We all know dolphins, right? They are one of the cutest marine mammals. These animals are loved for their beautiful cuteness, incredible performance, and above all friendliness.
We all also know about sharks, right? When the word about a shark comes to our mind we think of this animal as a very dangerous predator that can attack and feed on human flesh with its several rows of up to 300 dagger-like teeth.
So, we can very very clearly state that the much we love dolphins and crave to be with them, that much we have fear of sharks and want to stay away from them.
Yes, it’s possible for Dolphins to kill sharks, but dolphins keep themselves away from sharks until and unless it’s a do-or-die situation for them regarding self-defense. Dolphins aren’t as aggressive as sharks are, so it can be possibly hard for them to kill sharks in their initial attempts.
Sharks are larger, greater, more aggressive, powerful, and more predatory as compared to those of the Dolphins. So, it’s very easy for a shark to kill a dolphin if it wants to.
But, sharks don’t usually attack dolphins and don’t consider them as their easy prey. So, a fight between sharks and dolphins is somewhat rare to notice.
Yes, it’s true that sharks are apex predators meaning that they are at top of the food chain and don’t have any natural predators that will feed upon them.
But yes, sharks try to attack young, weak, or sick dolphins sometimes thinking of them as easy prey.
So, in self-defense dolphin pods (group of dolphins) can attack a shark mostly in its belly and nose region.
And, this may result in the shark avoiding and fleeing away from the dolphins or getting killed by the dolphins if the fight is critical with dolphins in a group having their strength in numbers.
And so, this makes the statement of dolphins killing sharks true.
Can one dolphin kill a shark?
In general, it’s not so easy for a dolphin to kill a shark. Sharks are more powerful and aggressive than dolphins. So, dolphins can win over a shark with their strength in numbers when in a pod (dolphins’ group).
Whatever it is, their strength in numbers when in a pod depends on the group size and species type.
Just for example, if we talk about the Antarctic Orca which is the largest dolphin species in the world, then two to three orcas can kill a shark or make it flee away.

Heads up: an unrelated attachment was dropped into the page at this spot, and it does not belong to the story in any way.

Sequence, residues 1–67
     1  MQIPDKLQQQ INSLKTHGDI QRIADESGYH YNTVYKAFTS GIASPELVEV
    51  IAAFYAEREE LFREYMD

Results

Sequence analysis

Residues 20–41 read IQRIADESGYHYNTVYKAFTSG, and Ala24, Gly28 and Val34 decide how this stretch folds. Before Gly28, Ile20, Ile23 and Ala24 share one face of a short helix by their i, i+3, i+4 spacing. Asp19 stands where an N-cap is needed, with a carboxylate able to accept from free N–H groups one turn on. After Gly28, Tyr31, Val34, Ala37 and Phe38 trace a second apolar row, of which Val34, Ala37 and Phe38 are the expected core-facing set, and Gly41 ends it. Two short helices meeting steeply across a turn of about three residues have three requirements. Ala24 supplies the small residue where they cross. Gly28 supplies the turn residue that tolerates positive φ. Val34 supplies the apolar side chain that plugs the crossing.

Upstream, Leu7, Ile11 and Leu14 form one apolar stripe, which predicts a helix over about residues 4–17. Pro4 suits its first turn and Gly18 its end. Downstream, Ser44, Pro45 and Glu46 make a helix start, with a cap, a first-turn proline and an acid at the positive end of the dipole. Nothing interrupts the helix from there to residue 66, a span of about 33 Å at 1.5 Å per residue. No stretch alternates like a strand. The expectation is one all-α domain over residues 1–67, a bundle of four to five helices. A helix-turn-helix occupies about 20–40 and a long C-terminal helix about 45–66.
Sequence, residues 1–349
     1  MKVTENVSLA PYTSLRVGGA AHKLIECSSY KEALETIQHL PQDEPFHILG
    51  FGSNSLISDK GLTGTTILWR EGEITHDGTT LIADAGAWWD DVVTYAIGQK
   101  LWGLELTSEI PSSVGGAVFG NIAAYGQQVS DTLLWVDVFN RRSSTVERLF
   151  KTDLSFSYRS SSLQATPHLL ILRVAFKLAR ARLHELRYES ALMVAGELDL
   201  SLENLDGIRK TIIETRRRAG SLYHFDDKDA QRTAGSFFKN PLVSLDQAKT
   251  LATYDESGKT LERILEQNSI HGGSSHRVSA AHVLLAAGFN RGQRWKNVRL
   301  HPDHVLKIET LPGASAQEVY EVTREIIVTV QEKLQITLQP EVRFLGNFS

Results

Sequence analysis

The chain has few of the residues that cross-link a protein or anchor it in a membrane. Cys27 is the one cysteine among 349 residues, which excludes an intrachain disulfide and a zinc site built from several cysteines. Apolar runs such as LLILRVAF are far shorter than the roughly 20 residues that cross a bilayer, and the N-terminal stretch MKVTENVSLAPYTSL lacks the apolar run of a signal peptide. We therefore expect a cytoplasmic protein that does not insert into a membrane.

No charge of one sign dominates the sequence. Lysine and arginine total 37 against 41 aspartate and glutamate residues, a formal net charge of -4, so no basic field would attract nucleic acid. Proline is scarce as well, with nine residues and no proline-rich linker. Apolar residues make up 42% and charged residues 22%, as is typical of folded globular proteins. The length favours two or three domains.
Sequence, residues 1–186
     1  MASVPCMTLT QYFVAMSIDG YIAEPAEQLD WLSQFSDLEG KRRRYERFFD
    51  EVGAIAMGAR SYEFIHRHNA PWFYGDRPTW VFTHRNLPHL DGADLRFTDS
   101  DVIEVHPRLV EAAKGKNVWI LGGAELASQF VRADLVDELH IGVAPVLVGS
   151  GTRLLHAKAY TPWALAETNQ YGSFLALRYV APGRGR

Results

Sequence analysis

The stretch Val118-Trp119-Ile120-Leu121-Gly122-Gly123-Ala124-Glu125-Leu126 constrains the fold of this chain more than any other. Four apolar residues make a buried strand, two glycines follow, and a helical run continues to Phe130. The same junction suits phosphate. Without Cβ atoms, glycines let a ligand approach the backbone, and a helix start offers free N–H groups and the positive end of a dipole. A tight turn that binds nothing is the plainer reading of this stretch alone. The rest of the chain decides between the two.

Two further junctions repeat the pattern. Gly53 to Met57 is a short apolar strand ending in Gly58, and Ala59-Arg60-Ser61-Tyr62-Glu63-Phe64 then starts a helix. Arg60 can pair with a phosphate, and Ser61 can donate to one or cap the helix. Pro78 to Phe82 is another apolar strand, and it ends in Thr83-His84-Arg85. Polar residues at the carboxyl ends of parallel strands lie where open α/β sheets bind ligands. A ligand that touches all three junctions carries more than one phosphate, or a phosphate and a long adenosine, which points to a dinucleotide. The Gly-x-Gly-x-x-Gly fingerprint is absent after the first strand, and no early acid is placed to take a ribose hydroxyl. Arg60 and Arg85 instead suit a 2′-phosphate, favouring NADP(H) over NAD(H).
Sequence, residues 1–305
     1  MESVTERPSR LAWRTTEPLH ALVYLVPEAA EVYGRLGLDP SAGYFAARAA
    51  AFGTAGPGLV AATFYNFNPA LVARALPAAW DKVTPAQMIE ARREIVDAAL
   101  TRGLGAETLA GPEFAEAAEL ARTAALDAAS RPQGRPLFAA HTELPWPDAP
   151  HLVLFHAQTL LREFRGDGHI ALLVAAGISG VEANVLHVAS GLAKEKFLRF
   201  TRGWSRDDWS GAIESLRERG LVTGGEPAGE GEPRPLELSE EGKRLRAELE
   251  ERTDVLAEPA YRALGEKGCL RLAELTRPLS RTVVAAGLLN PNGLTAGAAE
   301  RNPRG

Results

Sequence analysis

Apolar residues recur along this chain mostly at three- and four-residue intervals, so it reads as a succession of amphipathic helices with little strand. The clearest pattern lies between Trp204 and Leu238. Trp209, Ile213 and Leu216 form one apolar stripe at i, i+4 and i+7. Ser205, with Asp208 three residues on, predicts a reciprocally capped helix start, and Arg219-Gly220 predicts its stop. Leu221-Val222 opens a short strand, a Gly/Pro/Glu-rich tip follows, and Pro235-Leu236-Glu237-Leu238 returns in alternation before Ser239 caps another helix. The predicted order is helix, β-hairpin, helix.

In the other case, if we talk about shark species like the Dwarf Lantern Shark (Etmopterus perryi) which is the smallest shark in the world (it’s smaller than a human hand) then, a dolphin can easily kill that smallest shark.
It is important here to note that Orcas hunt in deadly pods and these are family groups of up to 40 individuals or even more. So, if we take the count of a 40 orcas pod attacking a shark (let it be the Great White Shark or the Hammerhead Shark) then it can very easily kill it.
If we talk about the deadliest Sharks like the Great White Sharks comparing it with the Orcas (largest dolphin species), then we can say that Orcas are much bigger and faster than the Great White Sharks, and this directly gives the Orcas an advantage when hunting in big groups.
That’s why I said that the group size and the species type matter a lot to give the direct concise answer to the question asking if a dolphin can kill a shark or not.
Why are sharks afraid of dolphins?
There are different reasons why sharks are afraid of dolphins. Sharks may be afraid by looking at the pod size with many dolphins, self-defense aggressiveness of the dolphins, their predatory nature, noticing dolphins’ speed, rostrum, and agility as well.
Now again, if you want a more concise answer to this question then you must take into consideration the pod size and species type of the Dolphin into account. Depending on these you’ll get the answer.
Just like if we take the example of Orcas then it has been known that they do hunt, attack, and eat sharks like makos, hammerhead sharks, great white sharks, thrashers, and even the largest whale sharks. Not only sharks, but they do also attack the whales as well which are much much bigger than the sharks.